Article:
There are also many properties known equivalent to D, e.g.

[a] $\ \ $ (a,b) = 1 $\,\Rightarrow\,$ a|bc $\,\Rightarrow\,$ a|c

[b] $\ \ $ (a,b) = 1 $\,\Rightarrow\,$ a,b|c $\,\Rightarrow\,$ ab|c

[c] $\ \ $ (a,b) = 1 $\,\Rightarrow\,$ (a)/\(b) = (ab)

[d] $\ \ $ (a,b) exists $\,\Rightarrow\,$ lcm(a,b) exists

[e] $\ \ $ a + b X irreducible $\,\Rightarrow\,$ prime for b $\ne$ 0 (deg = 1)

  • $\begingroup$ That is a nice classification. There is a class I find missing: as you know, a domain is PSP if all primitive polynomials are superprimitive, and we have preSchreier $\Rightarrow$ PSP $\Rightarrow$ GL. Do you know which is the relation between PSP and D? $\endgroup$
    – Jose Brox
    Nov 5, 2020 at 18:35

See my paper, Irrationality via well-ordering, Gazette of the Australian Mathematical Society 35 (2008) 121–125, available here, for proofs without unique factorization and some history.

  • 1
    $\begingroup$ It is misleading to label these classical proofs "via well-ordering". Rather, the proofs depend crucially on a domain D being Euclidean. This requires not only a "size" map from D into a well-ordered set, but also, crucially, a Division Algorithm with respect to the map. Euclideaness is used implicitly in your proofs when you take the integer or fractional part of a fraction, to help achieve a descent on possible denominators for $\rm\:w = \sqrt{m}\:$ (or w an algebraic integer). See my posts in this May 19, 2009 sci.math thread for much more on these topics. $\endgroup$ Jun 29, 2012 at 14:20
  • 1
    $\begingroup$ @Bill, when you fly from New York to San Francisco via Denver, your flight depends crucially on burning jet fuel; is it misleading to label the journey as "via Denver"? In any event, OP asked about proofs without FTA, and I trust you are not disputing that these proofs qualify. $\endgroup$ Jun 29, 2012 at 23:05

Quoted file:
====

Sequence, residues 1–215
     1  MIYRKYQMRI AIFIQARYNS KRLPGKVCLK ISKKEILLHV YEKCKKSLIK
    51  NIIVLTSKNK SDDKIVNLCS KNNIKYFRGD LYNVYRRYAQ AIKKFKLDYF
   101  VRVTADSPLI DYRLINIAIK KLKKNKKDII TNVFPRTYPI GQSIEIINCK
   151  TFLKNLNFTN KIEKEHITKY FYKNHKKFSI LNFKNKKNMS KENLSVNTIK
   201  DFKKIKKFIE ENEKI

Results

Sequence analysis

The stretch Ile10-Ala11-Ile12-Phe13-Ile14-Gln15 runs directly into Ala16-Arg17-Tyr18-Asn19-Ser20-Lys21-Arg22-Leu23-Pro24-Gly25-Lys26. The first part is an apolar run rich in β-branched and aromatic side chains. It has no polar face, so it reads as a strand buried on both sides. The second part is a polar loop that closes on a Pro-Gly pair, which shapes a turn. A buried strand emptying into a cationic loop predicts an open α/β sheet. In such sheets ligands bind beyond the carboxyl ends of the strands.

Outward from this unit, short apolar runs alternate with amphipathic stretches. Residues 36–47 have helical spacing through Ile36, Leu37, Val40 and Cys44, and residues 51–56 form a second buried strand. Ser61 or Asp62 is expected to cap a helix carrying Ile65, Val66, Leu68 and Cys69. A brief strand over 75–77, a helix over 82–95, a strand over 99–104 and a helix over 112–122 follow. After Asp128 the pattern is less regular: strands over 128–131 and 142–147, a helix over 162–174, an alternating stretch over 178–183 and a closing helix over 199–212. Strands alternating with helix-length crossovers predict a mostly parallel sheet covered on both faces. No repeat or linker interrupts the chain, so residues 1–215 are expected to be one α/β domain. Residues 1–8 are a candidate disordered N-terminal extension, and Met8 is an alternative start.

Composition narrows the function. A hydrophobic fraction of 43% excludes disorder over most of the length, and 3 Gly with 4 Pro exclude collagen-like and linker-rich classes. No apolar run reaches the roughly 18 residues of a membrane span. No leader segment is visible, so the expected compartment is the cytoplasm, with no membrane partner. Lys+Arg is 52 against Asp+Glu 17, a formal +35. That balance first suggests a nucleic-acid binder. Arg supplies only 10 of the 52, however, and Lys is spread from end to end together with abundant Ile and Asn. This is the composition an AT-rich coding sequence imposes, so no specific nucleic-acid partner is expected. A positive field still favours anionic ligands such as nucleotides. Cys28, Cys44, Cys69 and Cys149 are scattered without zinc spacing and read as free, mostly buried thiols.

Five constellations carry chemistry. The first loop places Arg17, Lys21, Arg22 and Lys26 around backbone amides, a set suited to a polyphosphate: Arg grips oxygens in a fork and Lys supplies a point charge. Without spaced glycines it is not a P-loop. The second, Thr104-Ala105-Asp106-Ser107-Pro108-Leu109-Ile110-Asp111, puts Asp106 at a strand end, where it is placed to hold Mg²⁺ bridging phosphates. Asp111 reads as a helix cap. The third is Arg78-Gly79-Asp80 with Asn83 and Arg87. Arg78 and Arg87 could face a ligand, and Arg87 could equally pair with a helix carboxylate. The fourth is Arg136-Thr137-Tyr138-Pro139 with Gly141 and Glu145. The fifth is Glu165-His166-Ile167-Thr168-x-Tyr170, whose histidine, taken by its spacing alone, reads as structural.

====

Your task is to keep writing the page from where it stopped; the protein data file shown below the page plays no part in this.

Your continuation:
Bezout's identity says that two integers $m, n$ are relatively prime if and only if we can find integers $a, b$ such that $$am + bn = 1.$$

Squaring this identity gives $$a^2 m^2 + 2amn + b^2 n^2 = (a^2m - 2an)m + b^2 n^2 = 1$$

from which we conclude that $\gcd(m, n^2) = 1$. Squaring again gives $\gcd(m^2, n^2) = 1$.

Note that Bezout's identity is often used as a crucial step in the proof of unique factorization. It is very close to the claim that $\mathbb{Z}$ is a principal ideal domain, and it's straightforward to prove that any principal ideal domain has unique factorization.

More generally, in situations where greatest common divisors don't always exist, Bezout's identity is taken to be the definition of being relatively prime.


There is an interesting fact, a "common refinement", which is related to unique factorization:

Suppose $ab=cd$. Then there exist $p,q,r,s$ so that $ab=pqrs=cd$, with $a=pq$, $b=rs$, $c=pr$, $d=qs$.

  • 3
    $\begingroup$ Though it is much older, this is sometimes called Euler's Four Number Theorem (Vierzahlensatz). It is equivalent to the pre-Schreier property in my answer. See this answer for further discussion on this and closely related properties. $\endgroup$ Jan 5, 2017 at 15:19

To justify the first highlighted statement, it is helpful to keep in the back of your mind that:
If $c | ab$; then $c | a$ or $c | b$ (or both). This should have been proven as a lemma prior to handling the irrationality theorems. [I would imagine that Hardy does this or something equivalent, even if only in passing.]

Since $m$ and $n$ are co-prime, $m\!\! \not | n$ and vice-versa.

Now for contradiction, assume that $n|m^2$. Letting $n=c$ and $m=a=b$ in the lemma, $n$ would have to divide $m$ since $c|ab \implies c|a \lor c|b$. But that is impossible since $m$ and $n$ are relatively prime.

So we have $m$ relatively prime to $n^2$ and (by a similar argument) $n$ relatively prime to $m^2$.

Now, if $n^2 | m^2$, then by the lemma, $n^2|m$. But since $n \!\! \not |m$, we cant have $n|m^2$. (Nor, by the same argument the other way.)

So $m$ and $n$ being co-prime implies that $m^2$ and $n^2$ are co-prime, too.